Earlier this week President Obama announced that the federal government will provide $8.33 billion in loan guarantees for a pair of nuclear reactors to be built in Georgia by Southern and Co. These guarantees, along with Japanese export loan guarantees, will cover part of the $14Billion dollars needed to build the plants. The reactors, which could be up and running within four years at the earliest, would be able to power 550,000 homes, providing electricity to 1.4 million people.
Many critics feel that this first step, however encouraging, is insufficient to meet America’s future energy needs.. According to the US Energy Information Administration, US energy consumption will increase somewhere between 1-2% per year, even if the American economy grows at a fairly modest rate. If the economy ever rebounds to pre-recession levels, America’s energy needs could grow well beyond current forecasts. And keep in mind that America’s population will increase from the 2006 level of 300 million people to 400 million by 2050. That adds up to 100 million additional Americans requiring energy to drive cars, heat their homes, and run their computers.
The Republicans say that meeting America’s growing hunger for energy will require the construction of 100 new nuclear power plants over the next few decades. Unfortunately, the current loan guarantees in Obama’s budget, around $55 billion, might cover at best the building of another 4 or 5 plants up in that time.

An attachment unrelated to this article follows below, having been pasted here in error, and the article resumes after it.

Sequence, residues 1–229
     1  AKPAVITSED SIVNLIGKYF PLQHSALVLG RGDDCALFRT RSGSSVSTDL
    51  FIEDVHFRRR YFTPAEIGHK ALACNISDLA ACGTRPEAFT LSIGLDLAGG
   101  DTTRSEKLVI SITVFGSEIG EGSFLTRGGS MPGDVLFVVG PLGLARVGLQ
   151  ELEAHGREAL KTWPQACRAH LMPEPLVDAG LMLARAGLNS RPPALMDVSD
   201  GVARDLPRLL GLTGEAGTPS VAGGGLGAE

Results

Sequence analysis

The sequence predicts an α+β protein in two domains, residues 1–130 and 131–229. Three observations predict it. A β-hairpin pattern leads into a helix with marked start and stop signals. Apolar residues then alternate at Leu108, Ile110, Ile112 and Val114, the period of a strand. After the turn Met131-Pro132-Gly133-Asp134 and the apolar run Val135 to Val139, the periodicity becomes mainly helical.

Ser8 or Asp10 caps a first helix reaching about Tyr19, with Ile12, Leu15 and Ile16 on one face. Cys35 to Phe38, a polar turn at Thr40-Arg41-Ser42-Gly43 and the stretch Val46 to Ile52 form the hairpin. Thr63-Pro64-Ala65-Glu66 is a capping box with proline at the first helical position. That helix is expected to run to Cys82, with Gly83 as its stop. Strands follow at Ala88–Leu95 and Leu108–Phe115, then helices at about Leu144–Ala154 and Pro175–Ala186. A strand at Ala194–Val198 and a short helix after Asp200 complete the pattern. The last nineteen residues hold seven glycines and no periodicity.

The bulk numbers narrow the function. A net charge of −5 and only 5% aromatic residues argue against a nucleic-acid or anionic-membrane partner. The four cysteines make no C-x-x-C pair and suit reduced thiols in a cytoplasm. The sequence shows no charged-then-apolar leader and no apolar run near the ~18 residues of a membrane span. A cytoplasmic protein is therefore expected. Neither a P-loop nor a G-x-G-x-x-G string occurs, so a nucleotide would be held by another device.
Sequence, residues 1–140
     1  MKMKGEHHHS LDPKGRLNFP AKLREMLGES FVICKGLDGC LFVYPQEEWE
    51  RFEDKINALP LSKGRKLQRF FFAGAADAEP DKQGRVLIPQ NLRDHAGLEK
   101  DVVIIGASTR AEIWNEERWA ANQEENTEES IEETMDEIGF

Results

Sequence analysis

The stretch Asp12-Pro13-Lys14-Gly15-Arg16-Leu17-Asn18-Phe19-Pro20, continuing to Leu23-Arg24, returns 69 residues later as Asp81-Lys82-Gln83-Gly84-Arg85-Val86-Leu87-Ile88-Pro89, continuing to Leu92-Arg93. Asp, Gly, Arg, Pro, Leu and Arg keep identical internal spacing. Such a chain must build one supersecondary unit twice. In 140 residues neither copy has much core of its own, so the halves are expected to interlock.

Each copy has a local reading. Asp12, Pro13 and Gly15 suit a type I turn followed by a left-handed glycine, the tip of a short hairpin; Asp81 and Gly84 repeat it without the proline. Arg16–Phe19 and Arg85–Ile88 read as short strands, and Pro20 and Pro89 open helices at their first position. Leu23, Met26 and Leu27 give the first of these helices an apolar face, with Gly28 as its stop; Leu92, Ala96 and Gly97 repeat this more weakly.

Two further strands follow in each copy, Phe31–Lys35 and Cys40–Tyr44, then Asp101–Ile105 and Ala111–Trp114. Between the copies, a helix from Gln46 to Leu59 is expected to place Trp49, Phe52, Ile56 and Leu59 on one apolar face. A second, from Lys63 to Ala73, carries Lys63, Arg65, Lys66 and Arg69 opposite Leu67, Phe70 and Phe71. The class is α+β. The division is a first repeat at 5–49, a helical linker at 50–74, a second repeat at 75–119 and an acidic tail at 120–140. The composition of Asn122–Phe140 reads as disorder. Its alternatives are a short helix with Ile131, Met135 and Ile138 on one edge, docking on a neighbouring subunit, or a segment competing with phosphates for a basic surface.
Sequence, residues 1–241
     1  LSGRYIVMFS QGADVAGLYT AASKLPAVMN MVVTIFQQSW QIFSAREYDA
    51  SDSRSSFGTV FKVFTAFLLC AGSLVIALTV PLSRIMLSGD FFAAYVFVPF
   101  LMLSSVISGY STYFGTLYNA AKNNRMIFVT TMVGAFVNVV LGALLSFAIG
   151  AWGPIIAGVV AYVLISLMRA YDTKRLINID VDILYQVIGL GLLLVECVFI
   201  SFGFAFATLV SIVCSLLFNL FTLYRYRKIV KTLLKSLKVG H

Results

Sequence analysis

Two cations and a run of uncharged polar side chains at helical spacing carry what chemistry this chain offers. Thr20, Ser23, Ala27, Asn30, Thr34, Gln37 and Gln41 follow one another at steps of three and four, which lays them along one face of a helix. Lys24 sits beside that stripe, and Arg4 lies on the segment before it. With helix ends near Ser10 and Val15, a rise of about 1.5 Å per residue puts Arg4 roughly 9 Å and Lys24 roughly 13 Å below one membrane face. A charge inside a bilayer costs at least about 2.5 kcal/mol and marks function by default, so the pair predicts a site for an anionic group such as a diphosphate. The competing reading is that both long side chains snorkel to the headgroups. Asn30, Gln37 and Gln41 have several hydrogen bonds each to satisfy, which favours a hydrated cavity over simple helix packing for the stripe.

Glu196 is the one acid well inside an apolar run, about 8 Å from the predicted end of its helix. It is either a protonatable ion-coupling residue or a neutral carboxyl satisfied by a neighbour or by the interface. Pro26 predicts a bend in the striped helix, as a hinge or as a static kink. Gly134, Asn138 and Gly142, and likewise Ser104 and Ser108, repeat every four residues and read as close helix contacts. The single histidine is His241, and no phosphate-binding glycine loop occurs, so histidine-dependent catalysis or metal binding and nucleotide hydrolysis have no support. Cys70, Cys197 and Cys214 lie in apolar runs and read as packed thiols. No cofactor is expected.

But builders such as Southern and Co. might not need such massive loan guarantees if the government streamlines the process for bringing new nukes on line. The reason is simple: the quicker a plant can be up and running, the faster it can be profitable. As the National Review points out, the Nuclear Regulatory Commission’s new permitting process has reduced the time from application to license issue down to just four years in “ideal” circumstances. This is still too long, NR says. We should look to the UK’s one and a half-year fast track approach that will enable the Brits to rapidly construct a whole fleet of new nuclear plants, not a mere two or three.
A new generation of small reactors also promises to make nuclear power more affordable. Such reactors are smaller than a rail car, and one tenth the cost of today’s mega-plants. According to David Matthews, head of new reactor licensing at the Nuclear Regulatory Commission.Experts, “There’s a higher likelihood that there are more sites that could support designs for small reactors than large ones.” Three big utilities, Tennessee Valley Authority, Oglethorpe Power Corp., and First Energy Corp. recently signed an agreement with McDermott International Inc.’s Babcock & Wilcox subsidiary, producer of the small reactor, in which they committed to get the new reactor approved for commercial use in the U.S.
So if we can bring safe, affordable and profitable nuclear power plants on line in a relatively short period of time, why are we moving ahead at a snail’s pace? We know we can build and safely operate dozens of these newer facilities and make a profit off them to boot. As we shall see in Part 2 of this article, the factors hampering the advent of the new American Nuclear Era are neither technological nor economic., but rather are based in politics and ideology.